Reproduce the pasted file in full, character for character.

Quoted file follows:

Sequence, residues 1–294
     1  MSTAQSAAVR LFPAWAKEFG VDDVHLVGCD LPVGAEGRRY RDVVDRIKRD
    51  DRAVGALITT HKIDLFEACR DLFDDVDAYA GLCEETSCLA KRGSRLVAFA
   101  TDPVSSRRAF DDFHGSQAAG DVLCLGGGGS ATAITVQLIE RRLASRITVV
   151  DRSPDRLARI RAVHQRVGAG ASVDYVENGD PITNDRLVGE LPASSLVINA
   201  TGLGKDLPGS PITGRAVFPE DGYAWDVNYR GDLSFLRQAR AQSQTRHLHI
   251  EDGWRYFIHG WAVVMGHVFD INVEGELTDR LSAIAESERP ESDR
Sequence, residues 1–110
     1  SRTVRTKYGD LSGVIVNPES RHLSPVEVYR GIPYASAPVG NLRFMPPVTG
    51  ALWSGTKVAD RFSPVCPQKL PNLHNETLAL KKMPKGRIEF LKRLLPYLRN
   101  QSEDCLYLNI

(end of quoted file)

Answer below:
Sequence, residues 1–294
     1  MSTAQSAAVR LFPAWAKEFG VDDVHLVGCD LPVGAEGRRY RDVVDRIKRD
    51  DRAVGALITT HKIDLFEACR DLFDDVDAYA GLCEETSCLA KRGSRLVAFA
   101  TDPVSSRRAF DDFHGSQAAG DVLCLGGGGS ATAITVQLIE RRLASRITVV
   151  DRSPDRLARI RAVHQRVGAG ASVDYVENGD PITNDRLVGE LPASSLVINA
   201  TGLGKDLPGS PITGRAVFPE DGYAWDVNYR GDLSFLRQAR AQSQTRHLHI
   251  EDGWRYFIHG WAVVMGHVFD INVEGELTDR LSAIAESERP ESDR
Sequence, residues 1–110
     1  SRTVRTKYGD LSGVIVNPES RHLSPVEVYR GIPYASAPVG NLRFMPPVTG
    51  ALWSGTKVAD RFSPVCPQKL PNLHNETLAL KKMPKGRIEF LKRLLPYLRN
   101  QSEDCLYLNI